Repealing the state’s RPS policy “would help increase disposable income, attract more business investment and make energy more affordable for consumers,” according to the statement.
A Heritage Foundation spokesman referred questions to Alec.
“We expect in the next year or two that state-based incentives will disappear,” said SolarCity Chief Executive Officer Lyndon Rive. “Whenever you see the effort, peel the onion and find out who’s behind it, who’s funding the effort. It’s very annoying that people can get away with the shell efforts and call it the people’s voice when it’s funded by coal.”
North Carolina lawmakers began debating this month a bill that would cap utilities’ required purchases of renewable energy at 6 percent of demand in 2015, half the current target, and eliminate the requirement in 2021.
“North Carolina is leading the nation in protecting consumers from the mandates for high-cost energy,” Wynn said in an interview. “It will show other states how to follow suit.” North Carolina’s bill revises the targets in the existing 2007 law and isn’t based on Alec’s template legislation.
A House committee already approved it and General Assembly Majority Whip Mike Hager, who introduced the legislation in March, said he expects it will pass this year.
“We could never have imagined in 2007 such an abundance of domestic natural gas,” Hager said in an interview. “We need that Marcellus shale gas to offset the high cost of renewables and prevent electricity prices from rising further. It’s like raising children: they need to grow up learn to live in the real world.”
Hager is a Republican who’s top campaign donors include Duke Energy and the Charlotte, North Carolina-based utility owner’s Progress Energy unit, according to the National Institute on Money in State Politics, a Helena, Montana-based non-profit group. He expects the bill to pass through the GOP- controlled legislature, and that Governor Pat McCrory, also a Republican, will sign it.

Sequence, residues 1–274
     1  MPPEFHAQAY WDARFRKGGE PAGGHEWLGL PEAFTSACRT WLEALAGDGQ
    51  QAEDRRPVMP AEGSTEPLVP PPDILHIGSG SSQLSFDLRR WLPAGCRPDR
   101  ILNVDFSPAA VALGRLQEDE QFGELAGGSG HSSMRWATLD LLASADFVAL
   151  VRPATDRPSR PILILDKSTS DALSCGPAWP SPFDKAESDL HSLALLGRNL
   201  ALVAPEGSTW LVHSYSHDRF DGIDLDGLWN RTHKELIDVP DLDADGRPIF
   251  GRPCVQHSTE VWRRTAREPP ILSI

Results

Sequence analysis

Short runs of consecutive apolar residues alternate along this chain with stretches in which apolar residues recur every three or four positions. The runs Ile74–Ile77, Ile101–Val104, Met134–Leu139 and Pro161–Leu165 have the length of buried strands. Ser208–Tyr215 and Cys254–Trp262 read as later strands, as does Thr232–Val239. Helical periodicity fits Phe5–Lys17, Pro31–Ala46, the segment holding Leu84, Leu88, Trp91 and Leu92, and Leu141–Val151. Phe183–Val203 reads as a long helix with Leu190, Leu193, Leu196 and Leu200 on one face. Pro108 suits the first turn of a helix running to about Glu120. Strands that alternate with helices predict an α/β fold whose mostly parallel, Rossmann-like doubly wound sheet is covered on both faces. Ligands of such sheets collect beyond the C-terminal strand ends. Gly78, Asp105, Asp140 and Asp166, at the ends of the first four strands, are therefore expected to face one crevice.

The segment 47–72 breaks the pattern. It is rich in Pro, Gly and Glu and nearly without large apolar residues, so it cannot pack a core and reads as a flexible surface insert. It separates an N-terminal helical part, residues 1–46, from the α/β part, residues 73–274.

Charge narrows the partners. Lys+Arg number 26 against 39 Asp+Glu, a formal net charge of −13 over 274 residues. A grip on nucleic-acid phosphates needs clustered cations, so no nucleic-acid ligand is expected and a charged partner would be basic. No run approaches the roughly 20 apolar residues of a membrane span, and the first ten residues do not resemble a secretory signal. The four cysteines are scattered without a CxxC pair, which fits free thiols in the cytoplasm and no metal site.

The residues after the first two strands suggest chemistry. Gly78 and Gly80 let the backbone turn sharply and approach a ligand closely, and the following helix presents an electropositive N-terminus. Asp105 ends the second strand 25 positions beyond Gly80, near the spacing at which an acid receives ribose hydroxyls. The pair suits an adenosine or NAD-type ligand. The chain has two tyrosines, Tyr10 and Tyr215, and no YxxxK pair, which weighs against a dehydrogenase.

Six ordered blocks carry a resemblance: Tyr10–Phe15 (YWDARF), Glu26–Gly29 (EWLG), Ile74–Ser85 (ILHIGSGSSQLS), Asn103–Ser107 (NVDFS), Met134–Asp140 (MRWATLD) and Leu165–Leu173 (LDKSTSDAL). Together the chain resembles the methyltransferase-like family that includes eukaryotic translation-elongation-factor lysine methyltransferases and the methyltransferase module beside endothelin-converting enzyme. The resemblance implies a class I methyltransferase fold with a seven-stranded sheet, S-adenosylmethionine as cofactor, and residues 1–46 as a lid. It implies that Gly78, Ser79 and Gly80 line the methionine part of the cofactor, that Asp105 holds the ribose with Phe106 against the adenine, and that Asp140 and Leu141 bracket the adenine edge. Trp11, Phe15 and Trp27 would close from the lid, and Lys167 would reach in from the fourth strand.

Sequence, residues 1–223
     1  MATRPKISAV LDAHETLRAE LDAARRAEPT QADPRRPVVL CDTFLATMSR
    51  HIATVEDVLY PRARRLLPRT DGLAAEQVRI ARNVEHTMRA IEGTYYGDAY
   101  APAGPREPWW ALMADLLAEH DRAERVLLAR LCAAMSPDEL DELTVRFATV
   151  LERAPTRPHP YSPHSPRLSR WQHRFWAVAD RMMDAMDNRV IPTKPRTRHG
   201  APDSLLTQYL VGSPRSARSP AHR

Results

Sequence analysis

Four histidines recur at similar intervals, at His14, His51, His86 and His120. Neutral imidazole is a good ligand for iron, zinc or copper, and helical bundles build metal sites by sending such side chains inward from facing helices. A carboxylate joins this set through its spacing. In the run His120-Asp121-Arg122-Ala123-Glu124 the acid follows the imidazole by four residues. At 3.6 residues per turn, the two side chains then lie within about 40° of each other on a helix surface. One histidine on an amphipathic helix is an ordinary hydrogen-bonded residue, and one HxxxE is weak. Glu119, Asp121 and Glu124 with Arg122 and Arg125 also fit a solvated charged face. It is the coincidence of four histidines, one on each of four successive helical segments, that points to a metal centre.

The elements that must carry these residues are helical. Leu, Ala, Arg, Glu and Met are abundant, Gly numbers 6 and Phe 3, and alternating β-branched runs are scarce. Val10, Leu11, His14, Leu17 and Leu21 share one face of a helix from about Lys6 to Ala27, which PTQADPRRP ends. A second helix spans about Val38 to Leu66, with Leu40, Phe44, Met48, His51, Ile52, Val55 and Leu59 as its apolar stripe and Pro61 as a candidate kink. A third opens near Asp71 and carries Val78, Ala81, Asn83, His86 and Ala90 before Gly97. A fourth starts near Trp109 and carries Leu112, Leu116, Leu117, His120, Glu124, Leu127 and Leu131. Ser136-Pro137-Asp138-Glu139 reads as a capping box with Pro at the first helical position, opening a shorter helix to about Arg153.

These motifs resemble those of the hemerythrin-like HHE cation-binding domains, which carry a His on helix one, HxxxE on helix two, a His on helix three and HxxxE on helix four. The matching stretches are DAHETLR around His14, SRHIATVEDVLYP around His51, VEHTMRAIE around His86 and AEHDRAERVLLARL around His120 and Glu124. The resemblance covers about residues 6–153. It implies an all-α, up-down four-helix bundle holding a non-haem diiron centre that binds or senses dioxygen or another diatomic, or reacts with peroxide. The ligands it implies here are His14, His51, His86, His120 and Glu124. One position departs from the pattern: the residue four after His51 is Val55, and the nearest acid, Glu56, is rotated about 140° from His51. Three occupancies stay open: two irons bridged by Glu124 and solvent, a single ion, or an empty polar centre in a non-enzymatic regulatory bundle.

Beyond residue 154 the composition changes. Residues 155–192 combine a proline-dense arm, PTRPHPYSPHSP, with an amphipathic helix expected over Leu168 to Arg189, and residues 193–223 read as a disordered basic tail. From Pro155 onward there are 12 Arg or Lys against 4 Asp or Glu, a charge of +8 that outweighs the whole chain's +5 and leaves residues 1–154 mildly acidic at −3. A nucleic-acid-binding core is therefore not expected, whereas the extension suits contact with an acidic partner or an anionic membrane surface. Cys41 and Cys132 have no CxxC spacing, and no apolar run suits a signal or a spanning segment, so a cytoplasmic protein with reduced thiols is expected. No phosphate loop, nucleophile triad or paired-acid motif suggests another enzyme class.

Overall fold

Duke hasn’t taken a position on the North Carolina bill, said Jeff Brooks, a spokesman who confirmed the company has supported Alec.
Colorado’s state senate passed a bill April 16 that would increase the amount of energy utilities must get from renewable sources, and also expands the definition to include non- renewable sources such as methane produced from coal mining.
Connecticut is following a similar strategy, by including large hydroelectric plants in its definition of renewable energy. That will help utilities meet the state’s goal of 20 percent renewable energy by 2020, said Nick Culver, an analyst at New Energy Finance in New York.
“Connecticut has thrown up the white flag on its ambitious renewable targets, and is now negotiating its terms of surrender,” Culver said. “Instead of simply easing back targets, they intend to widen eligibility criteria to include imported hydropower from Canada that would have been built regardless, which amounts to pretty much the same thing.”
Other states considering similar policies include Missouri, Ohio and Kansas. Thirty of the proposed bills in those states were deemed “significant,” meaning they have the potential to affect demand for renewable power, by the North Carolina Solar Center, a partnership between the Energy Department and North Carolina State University that tracks such activity for the U.S. Energy Department.
Alec’s Wynn said groups in six additional states are planning attacks on renewable–energy policies.
The wind and solar industries are beating back efforts to reduce demand with their own lobbying, said Carrie Hitt, vice president of state affairs at the Washington-based Solar Energy Industry Association.
“This is a deliberate campaign by conservative think- tanks, the Heartland Institute and Alec to overturn renewable energy policy that threatens the fossil industry,” Hitt said in an interview.
Copyright 2013 Bloomberg